Arriving at the Golden Temple in Amritsar immediately felt different from the rest of India.
A few of the main focuses of the Sikh religion are equality among all humans, generosity, selfless service, cleanliness, facial hair, devotion, and connection to God. This was immediately apparent with the marble tiles that made up the streets surrounding the temple and the lack of garbage littering them. The people were all extremely kind and interested in us, many just interested in interacting with us, while MANY wanted selfies. Also, I don’t think we saw a single man with a turban that didn’t have a beard.
Then there was the Golden Temple itself, which is completely breathtaking all on its own. Beautifully unreal architecture surrounded us and the sacred water of the pond surrounded the 750 kg of pure gold that made up the Golden Temple that has been standing, in all its glory, since 1577. The entire temple area is sacred and we were able to sense this beyond what just our eyes were telling us. Just standing there in the temple you could feel it within yourself. My soul was telling me how special this place was.
Part of what added to the magic was the way the entirety of the Golden Temple functioned. It provides free food and housing to anyone and everyone 24/7 365 days of the year. Thousands of people are served every day and it’s all done by volunteers. We all thoroughly enjoyed the chaos of moving with the mob of people into the dining area. Then sitting on the ground with rows and rows of people while being served food that was always delicious (especially the rice pudding!). A few of us got the opportunity to serve food to the people while others got the opportunity to make it. A few of us also got to see the pots that are used for the cooking, which are as big as hot tubs.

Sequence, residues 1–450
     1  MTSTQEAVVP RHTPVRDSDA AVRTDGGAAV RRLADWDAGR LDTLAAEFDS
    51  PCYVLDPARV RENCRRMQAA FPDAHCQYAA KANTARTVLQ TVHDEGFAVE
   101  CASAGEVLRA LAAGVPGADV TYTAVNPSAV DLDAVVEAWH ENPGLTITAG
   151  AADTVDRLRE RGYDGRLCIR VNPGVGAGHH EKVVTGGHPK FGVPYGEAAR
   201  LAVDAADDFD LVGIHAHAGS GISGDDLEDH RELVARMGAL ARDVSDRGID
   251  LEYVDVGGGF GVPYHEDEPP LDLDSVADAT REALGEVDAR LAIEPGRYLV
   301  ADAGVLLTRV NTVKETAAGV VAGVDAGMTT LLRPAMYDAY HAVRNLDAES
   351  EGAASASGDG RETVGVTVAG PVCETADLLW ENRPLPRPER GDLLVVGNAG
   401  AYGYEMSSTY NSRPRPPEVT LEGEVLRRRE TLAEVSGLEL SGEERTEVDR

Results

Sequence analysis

Washing dishes was another aspect we all really enjoyed. Being squished into the line of other dishwashers while not being able to hear anything above the clanking of hundreds of metal plates, bowls, and spoons, was exhilarating while also calming. You’re washing dishes as fast as you can, getting soaked in the process, but you are also in a somewhat meditative state as the repetitive task continues. You make friends in the process, despite your complete inability to speak Punjabi, the local language, and you’re also surrounded by every possible color of sari and turban (the explosion of colors always adds to the indescribable atmosphere in India).
We were also lucky enough to arrive on the huge holiday of the birthday of the first Guru in Sikhism. Thousands of people travel to the Golden Temple for this day. Celebration filled the air, decorations filled the streets, and fireworks filled the night. I was very grateful for this beautiful chaos.
We also got to see the Indian-Pakistan border closing ceremony in Wagah. There was lots of chanting, high kicks, mohawk-like hats, and country pride. With both sides doing things in synchronicity, it almost looked like a strange dance. We saw a very interesting side to the very complicated relationship between the two countries, with all the rivalry, we also witnessed a brotherhood.
All in all, although our stay at the Golden Temple was shorter than we would have liked, we greatly enjoyed the time we got to spend there. We found a great appreciation for the Sikh religion and all the values it holds, we saw true and powerful selfless service, a few of us got to take a holy dip in the waters of the temple, all of us got to take in the beautiful and dazzling sights of the temple as well as feel the sacredness intertwined there, and we were all grateful for the extreme friendliness and generosity of the Punjabi people. Our visit to the Golden Temple was filled with more magic than we could have imagined.